DFS, THE latest company to brave an Initial Public Offering (IPO) in the prickly London market, is quite rightly not taking too many risks when it comes to pricing its issue. Yesterday, bank advisers, which include Jefferies, UBS and Numis (when is Numis not on one of these mid-cap size deals?) indicated they would price the shares at between 245p and 310p, valuing the group at £585m at the mid-point.
Some, who expected the deal to value the group around £1bn, would argue this shows the flatness of the London IPO market. It’s further evidence for them that a flurry of poorly performing deals last year, including AO World and Boohoo, might have spoilt it for everybody.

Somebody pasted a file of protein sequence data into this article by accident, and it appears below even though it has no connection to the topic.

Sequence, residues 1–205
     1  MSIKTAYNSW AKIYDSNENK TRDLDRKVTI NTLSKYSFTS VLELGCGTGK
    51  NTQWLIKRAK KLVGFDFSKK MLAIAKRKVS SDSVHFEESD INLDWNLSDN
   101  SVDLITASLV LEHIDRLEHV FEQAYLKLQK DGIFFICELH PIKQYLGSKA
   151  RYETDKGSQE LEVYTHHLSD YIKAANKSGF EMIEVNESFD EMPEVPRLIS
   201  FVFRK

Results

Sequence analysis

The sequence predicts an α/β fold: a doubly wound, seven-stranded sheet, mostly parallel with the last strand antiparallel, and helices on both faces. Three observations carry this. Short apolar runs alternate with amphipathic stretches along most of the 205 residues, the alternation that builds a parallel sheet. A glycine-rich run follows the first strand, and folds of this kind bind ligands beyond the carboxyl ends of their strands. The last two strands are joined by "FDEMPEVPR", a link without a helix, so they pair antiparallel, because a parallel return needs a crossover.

The reality is slightly different. It’s true the DFS pricing is on the realistic side but it’s not as low as it first seems. The £1bn figure, it emerges, was an enterprise value including around £200m of debt. So, add that to the £585m, and we have an enterprise value approaching £800m.
That’s further evidence of a more cautious attitude to pricing amidst some fatigue amongst investors. But the market’s open for carefully priced issues, with challenger bank Aldermore next on the production line.